Maintaining and monitoring different instances of Confluence, we observed very often that the embedded user management system Crowd caused immense performance problems after server startup. If Confluence is connected to a LDAP directory, Crowd will per default perform a full synchronization with that directory as soon as the system has started. For large directories with many users and groups, we saw that this full sync took up to one hour plus additional operations afterwards. Monitoring the JVM, we could observe that one single thread responsible for the execution of the Crowd synchronisation Quartz job required more than 50% of the system’s CPU. The visible result was that the Confluence user interface became very slow and unresponsive.
Consequently, we searched for a means to delay the Crowd synchronisation for a certain amount of time, so it would initially execute at night. Since the job is hard-coded in the Crowd sources (i.e. it cannot be managed in the Confluence administration interface) and we couldn’t find any Atlassian documentation about that issue, we digged into the source code. We finally found out, that such a initial delay can actually be configured by setting one magical JVM parameter: crowd.polling.startdelay.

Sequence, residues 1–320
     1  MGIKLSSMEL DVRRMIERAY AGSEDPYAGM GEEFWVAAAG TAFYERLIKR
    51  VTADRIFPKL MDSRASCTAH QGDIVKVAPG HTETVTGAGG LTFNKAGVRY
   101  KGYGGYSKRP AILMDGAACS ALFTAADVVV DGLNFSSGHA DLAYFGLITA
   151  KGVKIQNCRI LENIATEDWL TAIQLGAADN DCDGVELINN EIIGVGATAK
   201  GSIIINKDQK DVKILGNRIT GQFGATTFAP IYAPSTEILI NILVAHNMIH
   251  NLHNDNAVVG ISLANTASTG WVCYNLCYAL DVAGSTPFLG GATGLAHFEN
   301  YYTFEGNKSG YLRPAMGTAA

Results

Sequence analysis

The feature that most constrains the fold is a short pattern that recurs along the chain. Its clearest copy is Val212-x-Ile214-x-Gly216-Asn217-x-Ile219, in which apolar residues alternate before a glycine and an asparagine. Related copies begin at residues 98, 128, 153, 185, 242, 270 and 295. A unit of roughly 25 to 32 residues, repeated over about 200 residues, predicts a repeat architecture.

So, if you wanted to delay the synchronisation for 12 hours when you start Confluence, you would set the following parameter (the number is in milliseconds) in your configuration (e.g. setenv, service configuration):
In the next step, you might want to calculate that delay dynamically, such that the initial Crowd sync will start at a given time the next night. If you are on linux, you can handle this by editing your setenv.sh file as follows:
TIME_TO_3AM_IN_MS=$(($(($(date -d "$(date +03:00-24:00)" +%s)-$(date +%s)))*1000)) echo "On startup, initial crowd sync will be delayed up to 3AM, which is in $TIME_TO_3AM_IN_MS ms." JAVA_OPTS="... -Dcrowd.polling.startdelay=$TIME_TO_3AM_IN_MS $JAVA_OPTS"
We are very happy we found this setting, since it solves quite immense performance issues we had on several instances.